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Ed Yeates reportingThe discovery of Mad Cow disease in the United States could accelerate the work of researchers trying to find a way to stop the disease in humans.
Utah State University in Logan is playing a major role in that search.
In highly restricted labs at Utah State University, scientists are actually infecting mice with a rodent variation of a brain wasting disease similar to Mad Cow - to see how they respond to new therapies.
They begin in one room with uninfected mice. Then next door in a adjoining lab, they're infected with what are called prions - the villain behind the brain wasting diseases.
Because the mice are specially bred, they develop symptoms within about eighty days. Researchers then treat the animals with compounds, carefully prepared by pharmaceutical companies, to see if any block the disease.
Dr. John Morrey / USU Institute For Antiviral Research: "They're looking for something that will actually not only stop the progression of the disease - but ultimately reverse it to some extent."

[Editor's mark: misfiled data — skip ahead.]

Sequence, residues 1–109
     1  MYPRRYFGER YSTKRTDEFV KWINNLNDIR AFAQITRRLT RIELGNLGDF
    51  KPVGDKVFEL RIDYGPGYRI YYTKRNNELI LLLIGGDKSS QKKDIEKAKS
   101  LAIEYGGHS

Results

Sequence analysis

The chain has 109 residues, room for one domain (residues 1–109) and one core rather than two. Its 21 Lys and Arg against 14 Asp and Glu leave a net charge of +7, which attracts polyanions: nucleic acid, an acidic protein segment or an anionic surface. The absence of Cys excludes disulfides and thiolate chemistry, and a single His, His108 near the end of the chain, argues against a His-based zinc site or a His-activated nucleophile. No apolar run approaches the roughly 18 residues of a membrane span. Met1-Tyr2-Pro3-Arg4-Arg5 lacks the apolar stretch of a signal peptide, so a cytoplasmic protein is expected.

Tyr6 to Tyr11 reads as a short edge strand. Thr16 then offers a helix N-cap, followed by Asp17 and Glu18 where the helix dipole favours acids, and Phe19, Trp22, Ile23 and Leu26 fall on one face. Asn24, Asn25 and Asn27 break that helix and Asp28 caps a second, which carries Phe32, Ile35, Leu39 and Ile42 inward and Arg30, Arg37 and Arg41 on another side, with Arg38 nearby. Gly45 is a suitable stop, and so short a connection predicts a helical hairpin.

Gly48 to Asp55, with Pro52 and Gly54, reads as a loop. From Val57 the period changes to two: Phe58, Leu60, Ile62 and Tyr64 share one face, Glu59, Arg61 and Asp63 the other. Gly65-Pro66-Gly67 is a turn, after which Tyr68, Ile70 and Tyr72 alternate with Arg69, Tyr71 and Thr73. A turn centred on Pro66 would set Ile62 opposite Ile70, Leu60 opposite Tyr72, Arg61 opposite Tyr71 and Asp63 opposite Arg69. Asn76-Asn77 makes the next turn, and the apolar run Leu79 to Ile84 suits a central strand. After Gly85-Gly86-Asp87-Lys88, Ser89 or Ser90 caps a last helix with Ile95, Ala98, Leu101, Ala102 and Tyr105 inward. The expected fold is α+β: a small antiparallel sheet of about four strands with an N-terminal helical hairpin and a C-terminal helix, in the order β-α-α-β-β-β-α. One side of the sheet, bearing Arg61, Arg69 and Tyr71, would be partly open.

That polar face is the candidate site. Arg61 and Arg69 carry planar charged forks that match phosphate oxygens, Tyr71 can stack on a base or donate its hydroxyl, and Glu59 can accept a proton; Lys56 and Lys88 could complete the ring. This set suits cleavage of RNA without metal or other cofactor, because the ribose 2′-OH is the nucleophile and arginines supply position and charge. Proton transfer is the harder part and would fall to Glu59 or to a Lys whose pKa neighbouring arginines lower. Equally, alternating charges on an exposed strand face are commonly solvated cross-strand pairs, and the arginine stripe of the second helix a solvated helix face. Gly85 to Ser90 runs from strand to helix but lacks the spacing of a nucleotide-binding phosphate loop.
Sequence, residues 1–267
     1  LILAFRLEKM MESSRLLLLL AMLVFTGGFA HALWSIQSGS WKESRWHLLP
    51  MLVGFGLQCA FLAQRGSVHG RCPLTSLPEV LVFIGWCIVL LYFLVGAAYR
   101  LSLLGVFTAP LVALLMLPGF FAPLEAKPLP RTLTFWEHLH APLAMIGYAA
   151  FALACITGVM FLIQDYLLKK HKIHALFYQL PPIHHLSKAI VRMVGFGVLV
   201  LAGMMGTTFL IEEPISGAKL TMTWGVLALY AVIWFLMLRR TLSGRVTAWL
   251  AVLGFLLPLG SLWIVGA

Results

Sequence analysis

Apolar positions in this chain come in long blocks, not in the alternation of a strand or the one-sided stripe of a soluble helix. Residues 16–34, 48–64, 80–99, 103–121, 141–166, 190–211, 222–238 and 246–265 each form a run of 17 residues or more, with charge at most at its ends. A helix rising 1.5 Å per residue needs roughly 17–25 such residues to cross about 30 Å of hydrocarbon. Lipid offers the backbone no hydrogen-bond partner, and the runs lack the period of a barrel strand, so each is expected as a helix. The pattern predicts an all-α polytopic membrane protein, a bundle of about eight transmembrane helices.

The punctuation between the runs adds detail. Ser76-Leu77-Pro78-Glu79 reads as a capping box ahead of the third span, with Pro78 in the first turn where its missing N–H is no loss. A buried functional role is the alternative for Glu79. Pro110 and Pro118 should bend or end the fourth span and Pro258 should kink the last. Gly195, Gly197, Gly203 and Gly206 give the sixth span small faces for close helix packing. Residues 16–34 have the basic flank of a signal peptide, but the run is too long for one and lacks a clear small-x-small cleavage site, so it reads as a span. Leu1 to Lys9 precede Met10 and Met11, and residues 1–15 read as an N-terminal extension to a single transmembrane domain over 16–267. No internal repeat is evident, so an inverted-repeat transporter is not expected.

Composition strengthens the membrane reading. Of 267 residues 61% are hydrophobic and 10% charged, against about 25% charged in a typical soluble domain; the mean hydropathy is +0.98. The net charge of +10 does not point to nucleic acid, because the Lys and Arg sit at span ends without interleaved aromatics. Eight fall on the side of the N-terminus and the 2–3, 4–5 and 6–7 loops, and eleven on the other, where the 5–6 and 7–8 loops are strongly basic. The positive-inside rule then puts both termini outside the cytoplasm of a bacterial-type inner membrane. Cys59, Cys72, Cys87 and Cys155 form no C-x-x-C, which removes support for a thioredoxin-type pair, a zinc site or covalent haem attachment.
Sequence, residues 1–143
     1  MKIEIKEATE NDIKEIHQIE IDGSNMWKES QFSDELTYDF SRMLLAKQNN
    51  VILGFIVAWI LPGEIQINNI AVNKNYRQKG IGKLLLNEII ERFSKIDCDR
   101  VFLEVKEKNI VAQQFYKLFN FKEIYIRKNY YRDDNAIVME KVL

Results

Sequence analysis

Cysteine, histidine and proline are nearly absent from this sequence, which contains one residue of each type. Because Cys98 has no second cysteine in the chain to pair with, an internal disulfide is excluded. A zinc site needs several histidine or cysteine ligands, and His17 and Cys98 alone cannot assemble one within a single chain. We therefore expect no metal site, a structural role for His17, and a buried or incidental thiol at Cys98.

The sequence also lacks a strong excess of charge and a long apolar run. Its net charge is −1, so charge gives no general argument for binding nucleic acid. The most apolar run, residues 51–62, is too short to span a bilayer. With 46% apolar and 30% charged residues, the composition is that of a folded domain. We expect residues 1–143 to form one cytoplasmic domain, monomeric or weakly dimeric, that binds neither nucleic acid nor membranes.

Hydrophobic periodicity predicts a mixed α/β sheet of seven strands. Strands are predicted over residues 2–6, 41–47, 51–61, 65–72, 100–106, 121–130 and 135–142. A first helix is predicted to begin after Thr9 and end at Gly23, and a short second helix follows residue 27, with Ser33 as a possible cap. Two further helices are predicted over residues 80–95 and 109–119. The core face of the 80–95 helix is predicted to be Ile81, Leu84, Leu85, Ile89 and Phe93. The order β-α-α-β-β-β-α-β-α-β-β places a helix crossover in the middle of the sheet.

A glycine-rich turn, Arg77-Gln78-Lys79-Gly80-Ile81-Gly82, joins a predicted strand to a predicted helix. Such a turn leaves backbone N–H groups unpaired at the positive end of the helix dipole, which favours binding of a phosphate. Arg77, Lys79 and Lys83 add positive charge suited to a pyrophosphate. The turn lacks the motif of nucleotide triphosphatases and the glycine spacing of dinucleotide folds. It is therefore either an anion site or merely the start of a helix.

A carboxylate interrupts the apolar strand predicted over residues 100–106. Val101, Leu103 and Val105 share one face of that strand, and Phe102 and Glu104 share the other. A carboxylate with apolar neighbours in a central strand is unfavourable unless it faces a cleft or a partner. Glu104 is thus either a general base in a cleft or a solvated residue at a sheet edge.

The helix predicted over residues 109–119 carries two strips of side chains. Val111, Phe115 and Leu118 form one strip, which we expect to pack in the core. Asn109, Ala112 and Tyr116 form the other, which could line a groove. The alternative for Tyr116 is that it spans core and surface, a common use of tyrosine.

Prions are neither a virus or a bacteria, but a protein which when introduced in the brain begins breaking down the molecular structure of tissue.
While USU is doing their thing in Logan - scientists in Colorado announced this week they've developed a screening test which can detect Mad Cow Disease in a living animal - perhaps early enough before it infects others.
That means inspectors could screen and quarantine without having to sacrifice or kill the animal.
Will researchers feel more pressure now that the disease has shown up in the U-S? Most certainly - and that might mean increased funding from groups like the National Institutes of Health.